This article is related to my IAH 209 class project because Mary Roach talks extensively about body snatching in her book, Stiff: The Curious Lives of Human Cadavers. More specifically, she covers the history of body snatching in chapter 2 of her book, titled Crimes of Anatomy. I agree that the history on the United States is quite expansive relative to other portions of the article written on various parts of the world. Other countries/regions definitely need some attention in quality expansion. This is in some way a bias, because some wikipedians may add information about the US and Europe, while the other sections on non-Eurocentric countries are lacking in detail or examples. Other than that, I think the article is well written in a way that avoids clear bias (other than the US portion) and comes across as neutral. I also think that the introduction section could have some more detail in it. It is short and there is not much information for readers to just get some basic knowledge on the topic. I do think the layout of the page is good, but the section titled "other countries" needs a little bit of work to make it more aesthetically pleasing. There are some sections that are missing citations, such as the entire "In popular culture" section. I think this page has a lot of potential if we can slowly fix it up together! Kosaskih (talk) 17:28, 1 February 2016 (UTC)

External links modified[edit]

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Hi! Can you give me any advice for improving this article?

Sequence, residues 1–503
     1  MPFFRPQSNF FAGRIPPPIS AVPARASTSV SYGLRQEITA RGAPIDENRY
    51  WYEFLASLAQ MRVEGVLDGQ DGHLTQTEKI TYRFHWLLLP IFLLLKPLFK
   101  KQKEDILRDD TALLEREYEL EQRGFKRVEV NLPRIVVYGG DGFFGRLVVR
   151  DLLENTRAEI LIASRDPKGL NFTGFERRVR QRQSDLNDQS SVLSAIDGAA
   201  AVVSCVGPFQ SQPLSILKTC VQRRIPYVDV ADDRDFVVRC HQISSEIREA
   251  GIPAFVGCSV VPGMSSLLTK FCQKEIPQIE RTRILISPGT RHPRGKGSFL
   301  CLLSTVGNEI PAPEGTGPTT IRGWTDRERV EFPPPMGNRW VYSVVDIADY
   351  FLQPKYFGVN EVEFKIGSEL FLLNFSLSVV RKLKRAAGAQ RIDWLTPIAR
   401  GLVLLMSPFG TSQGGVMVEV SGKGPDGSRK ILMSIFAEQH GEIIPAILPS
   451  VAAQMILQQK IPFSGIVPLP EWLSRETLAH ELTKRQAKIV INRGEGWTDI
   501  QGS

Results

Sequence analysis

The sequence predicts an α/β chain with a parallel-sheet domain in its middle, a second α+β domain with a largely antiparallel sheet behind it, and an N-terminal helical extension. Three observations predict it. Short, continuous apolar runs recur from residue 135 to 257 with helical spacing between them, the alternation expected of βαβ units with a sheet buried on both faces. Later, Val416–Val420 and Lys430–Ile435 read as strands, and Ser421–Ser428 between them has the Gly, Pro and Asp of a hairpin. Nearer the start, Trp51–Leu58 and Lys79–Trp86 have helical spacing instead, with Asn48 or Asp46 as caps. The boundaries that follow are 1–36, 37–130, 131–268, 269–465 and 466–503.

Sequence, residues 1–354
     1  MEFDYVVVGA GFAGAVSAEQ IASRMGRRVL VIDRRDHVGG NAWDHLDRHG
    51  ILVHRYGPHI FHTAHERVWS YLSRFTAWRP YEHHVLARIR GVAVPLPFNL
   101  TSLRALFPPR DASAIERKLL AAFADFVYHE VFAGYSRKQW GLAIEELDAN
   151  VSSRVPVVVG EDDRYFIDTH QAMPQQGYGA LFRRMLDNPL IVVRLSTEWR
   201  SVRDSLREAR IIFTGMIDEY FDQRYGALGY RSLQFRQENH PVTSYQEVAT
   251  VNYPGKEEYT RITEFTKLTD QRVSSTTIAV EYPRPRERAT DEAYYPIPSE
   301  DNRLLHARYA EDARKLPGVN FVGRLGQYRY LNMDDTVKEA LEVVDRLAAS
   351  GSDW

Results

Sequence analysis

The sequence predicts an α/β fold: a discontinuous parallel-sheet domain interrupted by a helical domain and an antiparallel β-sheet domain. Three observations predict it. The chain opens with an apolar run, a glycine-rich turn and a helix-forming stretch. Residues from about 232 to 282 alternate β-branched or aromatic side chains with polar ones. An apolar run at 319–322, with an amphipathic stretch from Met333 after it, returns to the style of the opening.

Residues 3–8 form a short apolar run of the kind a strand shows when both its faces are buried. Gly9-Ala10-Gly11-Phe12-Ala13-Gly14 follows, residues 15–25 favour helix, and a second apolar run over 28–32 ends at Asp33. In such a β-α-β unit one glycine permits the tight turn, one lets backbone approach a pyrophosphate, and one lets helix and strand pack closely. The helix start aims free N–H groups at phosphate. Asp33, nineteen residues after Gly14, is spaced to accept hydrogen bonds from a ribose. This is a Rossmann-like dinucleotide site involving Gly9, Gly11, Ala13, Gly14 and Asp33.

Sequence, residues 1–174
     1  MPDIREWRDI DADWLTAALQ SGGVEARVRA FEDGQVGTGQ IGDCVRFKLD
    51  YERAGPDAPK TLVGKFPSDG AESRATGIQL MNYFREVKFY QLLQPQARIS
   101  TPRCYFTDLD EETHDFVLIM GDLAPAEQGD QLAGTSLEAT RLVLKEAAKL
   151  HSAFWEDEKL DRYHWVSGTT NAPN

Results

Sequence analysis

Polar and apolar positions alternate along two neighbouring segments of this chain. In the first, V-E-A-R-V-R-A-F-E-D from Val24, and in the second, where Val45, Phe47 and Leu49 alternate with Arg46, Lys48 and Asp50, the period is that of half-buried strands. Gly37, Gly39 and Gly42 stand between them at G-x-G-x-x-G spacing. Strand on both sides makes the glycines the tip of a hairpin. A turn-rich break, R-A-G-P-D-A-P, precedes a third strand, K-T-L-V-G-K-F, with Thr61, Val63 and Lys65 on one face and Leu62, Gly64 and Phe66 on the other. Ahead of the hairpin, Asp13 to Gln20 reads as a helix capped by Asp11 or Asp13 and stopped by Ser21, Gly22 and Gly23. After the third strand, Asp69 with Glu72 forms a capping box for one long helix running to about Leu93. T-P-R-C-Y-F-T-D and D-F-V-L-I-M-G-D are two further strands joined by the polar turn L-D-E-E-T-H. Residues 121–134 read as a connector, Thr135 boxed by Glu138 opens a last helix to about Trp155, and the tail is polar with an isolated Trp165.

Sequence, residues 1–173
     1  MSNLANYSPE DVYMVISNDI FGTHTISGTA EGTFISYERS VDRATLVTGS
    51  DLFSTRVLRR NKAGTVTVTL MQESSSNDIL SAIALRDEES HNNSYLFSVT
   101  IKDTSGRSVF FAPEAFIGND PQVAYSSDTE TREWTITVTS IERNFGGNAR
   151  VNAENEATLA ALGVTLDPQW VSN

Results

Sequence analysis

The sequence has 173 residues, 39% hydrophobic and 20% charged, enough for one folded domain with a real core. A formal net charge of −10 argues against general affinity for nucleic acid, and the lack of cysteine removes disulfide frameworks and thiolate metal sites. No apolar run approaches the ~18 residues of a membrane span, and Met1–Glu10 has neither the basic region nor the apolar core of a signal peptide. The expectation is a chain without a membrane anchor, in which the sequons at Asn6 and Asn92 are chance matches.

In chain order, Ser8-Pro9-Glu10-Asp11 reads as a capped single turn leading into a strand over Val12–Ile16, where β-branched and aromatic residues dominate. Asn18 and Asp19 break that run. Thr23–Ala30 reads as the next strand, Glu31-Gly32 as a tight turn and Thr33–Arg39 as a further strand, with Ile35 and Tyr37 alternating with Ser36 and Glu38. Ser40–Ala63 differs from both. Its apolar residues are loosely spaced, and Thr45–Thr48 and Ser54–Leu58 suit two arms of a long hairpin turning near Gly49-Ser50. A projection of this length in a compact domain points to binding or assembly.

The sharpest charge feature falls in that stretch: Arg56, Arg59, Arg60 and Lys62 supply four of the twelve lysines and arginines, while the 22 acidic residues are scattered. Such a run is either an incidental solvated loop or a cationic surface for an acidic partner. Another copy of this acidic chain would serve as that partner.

1. Some references do not exist, such as http://www.danallosso.com/Graverobbing.html Also one of the website the author provided in order to give an example of China, which is Asia Times, do not offer the article anymore, which makes it unreliable. It would have been better if the articles were updated to different one which is about the same case, or get rid of the whole information that the author wrote down. 2. No Information of the person when went in through the link. The Wikipedia articles are empty. The Wikipedia article does not tell anything about the person. The author should have done editing information about the person that he mentioned in his article. 3. It was able to combine two topics into one since those two go over similar topics. The author divided race and body snatching & public outcry into two section, however, public outcry also talks about race. By mentioning under same topic and rephrasing, readers could have understood the article easier. 4. No exact evidence or references provided for the case of former president Tassos Papadopoulos’s body being stolen. There should have been a reliable reference to the case so that people can believe the case was real. 5. The views of United Kingdom and Untied States have been overrepresented. The author already have spent over half of his article explaining about the body snatching in those two countries. However, the author give another explanation of body snatching happened in the United States and United Kingdom. If he wanted to write about the information, it would have been better if he included those into the first part where he talks about the two countries. Unless, it will be helpful to get rid of the information. It might cause a confusion to readers.--Kimjun65 (talk) 03:26, 31 January 2017 (UTC)

External links modified[edit]

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I have just modified 4 external links on Body snatching. Please take a moment to review my edit. If you have any questions, or need the bot to ignore the links, or the page altogether, please visit this simple FaQ for additional information. I made the following changes:

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Cheers.—InternetArchiveBot (Report bug) 21:35, 22 July 2017 (UTC)